3.   Russell Wilson, Seahawks
  4.   Andrew Luck, Colts
  5.   Drew Brees, Saints
  6.   Tom Brady, Patriots
  7.   Carson Palmer, Cardinals
  8.   Eli Manning, Giants
  9.   Philip Rivers, Chargers
  10.  Ben Roethlisberger, Steelers
  11.  Tyrod Taylor, Bills
  12.  Kirk Cousins, Redskins
  13.  Derek Carr, Raiders
  14.  Blake Bortles, Jaguars
  15.  Matthew Stafford, Lions
  16.  Andy Dalton, Bengals
  17.  Jameis Winston, Buccaneers
  18.  Marcus Mariota, Titans
  19.  Ryan Tannehill, Dolphins
  20.  Matt Ryan, Falcons

Stud – Rivers: A great value pick if you choose to wait on QBs.

Dud – Ryan: Has fallen from top 10 to top 20, even with Julio Jones.

Sleeper – Stafford: Change in coordinator last year sparked strong finish.


  1.   Adrian Peterson, Vikings (4)
  2.   Todd Gurley, Rams (5)
  3.   Le’Veon Bell, Steelers (7)
  4.   Ezekiel Elliott, Cowboys (8)
  5.   David Johnson, Cardinals (9)
  6.   Lamar Miller, Texans (10)
  7.   Mark Ingram, Saints (12)
  8.   Devonta Freeman, Falcons (15)
  9.   Jamaal Charles, Chiefs (16)
  10.  Doug Martin, Buccaneers
  11.  Eddie Lacy, Packers
  12.  LeSean McCoy, Bills
  13.  C.J. Anderson, Broncos
  14.  Carlos Hyde, 49ers
  15.  Thomas Rawls, Seahawks
  16.  Jeremy Hill, Bengals
  17.  Latavius Murray, Raiders
  18.  Matt Forte, Jets
  19.  Ryan Mathews, Eagles
  20.  Frank Gore, Colts

Stud – Miller: Will have a much greater workload than with Dolphins.

Dud – Matt Jones, Redskins (33): Opportunity is there, but he hasn’t shown he can take advantage.

Sleeper – Melvin Gordon, Chargers (22): Worked out with Adrian Peterson in offseason.


  1.   Antonio Brown, Steelers (1)
  2.   Odell Beckham Jr., Giants (2)
  3.   Julio Jones, Falcons (3)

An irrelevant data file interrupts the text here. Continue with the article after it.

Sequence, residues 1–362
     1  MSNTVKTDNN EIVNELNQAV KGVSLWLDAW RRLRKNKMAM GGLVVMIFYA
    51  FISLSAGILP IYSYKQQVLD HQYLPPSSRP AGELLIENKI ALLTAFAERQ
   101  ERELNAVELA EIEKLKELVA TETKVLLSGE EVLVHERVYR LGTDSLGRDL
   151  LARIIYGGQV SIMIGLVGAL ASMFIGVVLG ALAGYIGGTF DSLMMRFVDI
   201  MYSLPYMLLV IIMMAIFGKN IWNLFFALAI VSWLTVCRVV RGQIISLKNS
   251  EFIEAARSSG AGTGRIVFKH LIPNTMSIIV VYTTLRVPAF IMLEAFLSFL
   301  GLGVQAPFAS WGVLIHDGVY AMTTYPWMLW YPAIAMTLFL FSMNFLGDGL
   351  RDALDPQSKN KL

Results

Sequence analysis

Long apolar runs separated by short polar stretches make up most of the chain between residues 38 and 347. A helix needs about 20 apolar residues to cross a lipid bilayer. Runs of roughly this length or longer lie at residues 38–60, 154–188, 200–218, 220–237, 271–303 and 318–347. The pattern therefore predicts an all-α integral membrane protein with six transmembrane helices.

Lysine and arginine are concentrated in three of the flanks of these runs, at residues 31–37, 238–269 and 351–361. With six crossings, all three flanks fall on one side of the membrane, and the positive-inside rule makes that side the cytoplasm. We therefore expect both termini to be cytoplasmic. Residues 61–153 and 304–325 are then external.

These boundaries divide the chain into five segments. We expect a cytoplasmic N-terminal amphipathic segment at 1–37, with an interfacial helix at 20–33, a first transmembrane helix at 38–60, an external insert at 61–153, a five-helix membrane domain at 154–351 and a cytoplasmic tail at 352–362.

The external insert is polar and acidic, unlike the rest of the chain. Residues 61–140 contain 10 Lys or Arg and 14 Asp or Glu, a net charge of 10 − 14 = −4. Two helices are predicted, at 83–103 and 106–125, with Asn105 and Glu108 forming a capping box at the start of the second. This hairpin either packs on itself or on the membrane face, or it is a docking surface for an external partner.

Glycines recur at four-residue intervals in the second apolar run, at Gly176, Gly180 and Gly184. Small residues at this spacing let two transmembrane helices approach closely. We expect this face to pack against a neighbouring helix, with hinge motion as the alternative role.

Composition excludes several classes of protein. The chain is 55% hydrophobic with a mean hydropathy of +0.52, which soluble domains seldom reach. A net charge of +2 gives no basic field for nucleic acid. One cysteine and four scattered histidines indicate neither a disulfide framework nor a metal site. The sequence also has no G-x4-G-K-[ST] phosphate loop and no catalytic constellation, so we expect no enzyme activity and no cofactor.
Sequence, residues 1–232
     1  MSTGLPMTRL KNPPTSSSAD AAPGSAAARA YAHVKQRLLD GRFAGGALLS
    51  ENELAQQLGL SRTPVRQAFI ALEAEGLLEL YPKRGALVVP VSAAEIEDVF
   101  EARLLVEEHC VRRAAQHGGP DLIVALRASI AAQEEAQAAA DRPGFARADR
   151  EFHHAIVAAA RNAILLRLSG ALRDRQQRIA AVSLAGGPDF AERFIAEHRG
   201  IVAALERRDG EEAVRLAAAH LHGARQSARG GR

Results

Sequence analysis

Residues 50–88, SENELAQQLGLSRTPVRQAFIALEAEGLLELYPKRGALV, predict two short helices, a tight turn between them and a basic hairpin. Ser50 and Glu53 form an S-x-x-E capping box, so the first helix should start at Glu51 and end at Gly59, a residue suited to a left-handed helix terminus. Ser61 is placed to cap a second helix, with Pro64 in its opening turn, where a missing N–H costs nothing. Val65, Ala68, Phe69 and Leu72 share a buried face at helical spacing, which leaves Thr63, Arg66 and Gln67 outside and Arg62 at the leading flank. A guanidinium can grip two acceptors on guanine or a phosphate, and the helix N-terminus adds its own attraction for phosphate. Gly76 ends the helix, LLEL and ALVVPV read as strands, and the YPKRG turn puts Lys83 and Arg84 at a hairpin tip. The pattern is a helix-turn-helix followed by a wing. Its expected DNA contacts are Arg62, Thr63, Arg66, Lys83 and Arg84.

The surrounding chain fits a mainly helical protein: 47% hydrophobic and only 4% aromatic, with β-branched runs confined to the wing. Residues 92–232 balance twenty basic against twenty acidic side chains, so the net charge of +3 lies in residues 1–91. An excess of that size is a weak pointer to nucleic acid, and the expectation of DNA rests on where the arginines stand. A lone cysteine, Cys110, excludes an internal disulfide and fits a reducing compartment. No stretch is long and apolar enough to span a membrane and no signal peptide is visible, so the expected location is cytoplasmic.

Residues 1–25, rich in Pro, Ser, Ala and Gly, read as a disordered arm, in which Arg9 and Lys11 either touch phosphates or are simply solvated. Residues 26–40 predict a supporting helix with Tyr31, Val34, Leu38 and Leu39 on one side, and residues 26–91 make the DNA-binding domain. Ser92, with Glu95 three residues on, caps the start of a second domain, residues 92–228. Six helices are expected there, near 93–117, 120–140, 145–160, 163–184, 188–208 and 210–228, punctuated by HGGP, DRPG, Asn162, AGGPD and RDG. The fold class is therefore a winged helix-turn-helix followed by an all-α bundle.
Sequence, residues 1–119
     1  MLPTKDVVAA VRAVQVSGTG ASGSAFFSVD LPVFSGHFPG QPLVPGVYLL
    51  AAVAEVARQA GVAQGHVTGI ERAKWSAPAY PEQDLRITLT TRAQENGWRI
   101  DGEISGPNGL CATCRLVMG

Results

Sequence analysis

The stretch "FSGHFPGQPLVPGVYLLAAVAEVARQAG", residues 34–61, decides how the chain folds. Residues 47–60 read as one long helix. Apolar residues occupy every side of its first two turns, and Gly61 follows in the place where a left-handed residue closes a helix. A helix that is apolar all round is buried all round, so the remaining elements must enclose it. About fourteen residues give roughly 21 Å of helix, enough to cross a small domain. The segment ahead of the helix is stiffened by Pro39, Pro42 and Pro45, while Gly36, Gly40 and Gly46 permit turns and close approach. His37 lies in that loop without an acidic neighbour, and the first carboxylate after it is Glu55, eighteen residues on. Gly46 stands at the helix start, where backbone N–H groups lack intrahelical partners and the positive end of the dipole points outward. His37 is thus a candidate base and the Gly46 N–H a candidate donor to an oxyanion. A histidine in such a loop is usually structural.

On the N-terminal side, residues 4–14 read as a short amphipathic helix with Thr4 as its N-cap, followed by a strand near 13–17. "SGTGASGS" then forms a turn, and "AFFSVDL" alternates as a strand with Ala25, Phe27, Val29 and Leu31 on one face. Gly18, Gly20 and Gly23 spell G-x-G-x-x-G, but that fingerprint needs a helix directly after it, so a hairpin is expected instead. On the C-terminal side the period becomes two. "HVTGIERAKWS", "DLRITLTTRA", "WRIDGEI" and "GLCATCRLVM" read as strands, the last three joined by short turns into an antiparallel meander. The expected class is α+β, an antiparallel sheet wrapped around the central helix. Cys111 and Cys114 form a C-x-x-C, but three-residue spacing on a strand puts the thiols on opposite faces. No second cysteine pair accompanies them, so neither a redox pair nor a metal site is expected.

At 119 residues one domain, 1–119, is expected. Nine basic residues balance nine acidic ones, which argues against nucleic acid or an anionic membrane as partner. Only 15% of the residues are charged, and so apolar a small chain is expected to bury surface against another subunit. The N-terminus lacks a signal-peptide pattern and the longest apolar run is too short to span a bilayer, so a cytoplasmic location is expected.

4.   DeAndre Hopkins, Texans (6)
  5.   A.J. Green, Bengals (13)
  6.   Allen Robinson, Jaguars (14)
  7.   Jordy Nelson, Packers (17)
  8.   Mike Evans, Buccaneers (18)
  9.   Dez Bryant, Cowboys (19)
  10.  Brandon Marshall, Jets (20)
  11.  Keenan Allen, Chargers
  12.  Brandin Cooks, Saints
  13.  Alshon Jeffery, Bears
  14.  Amari Cooper, Raiders
  15.  Sammy Watkins, Bills
  16.  Demaryius Thomas, Broncos
  17.  Randall Cobb, Packers
  18.  Julian Edelman, Patriots
  19.  T.Y. Hilton, Colts
  20.  Eric Decker, Jets
  21.  Doug Baldwin, Seahawks
  22.  Jarvis Landry, Dolphins
  23.  Jeremy Maclin, Chiefs
  24.  Golden Tate, Lions
  25.  Kelvin Benjamin, Panthers
  26.  Michael Floyd, Cardinals
  27.  John Brown, Cardinals
  28.  Donte Moncrief, Colts
  29.  Marvin Jones, Lions
  30.  Larry Fitzgerald, Cardinals

Stud – Allen: Was on pace for 134 catches for 1,450 yards and 8 TDs when he got hurt.

Dud – Baldwin: Very good receiver, but he won’t repeat his second-half pace.

Sleeper – Josh Gordon, Browns (35): Has WR1 potential after serving 4-game suspension.


  1.   Rob Gronkowski, Patriots (11)
  2.   Greg Olsen, Panthers
  3.   Jordan Reed, Redskins
  4.   Delanie Walker, Titans
  5.   Travis Kelce, Chiefs
  6.   Coby Fleener, Saints
  7.   Gary Barnidge, Browns
  8.   Zach Ertz, Eagles
  9.   Julius Thomas, Jaguars
  10.  Antonio Gates, Chargers

Stud – Fleener: New member of top 10 should thrive away from timeshare with Colts.

Dud – Tyler Eifert, Bengals (12): Out until Week 4 at earliest; TD rate last year unsustainable.

Sleeper – Jared Cook, Packers (14): In best situation of his career with this offense.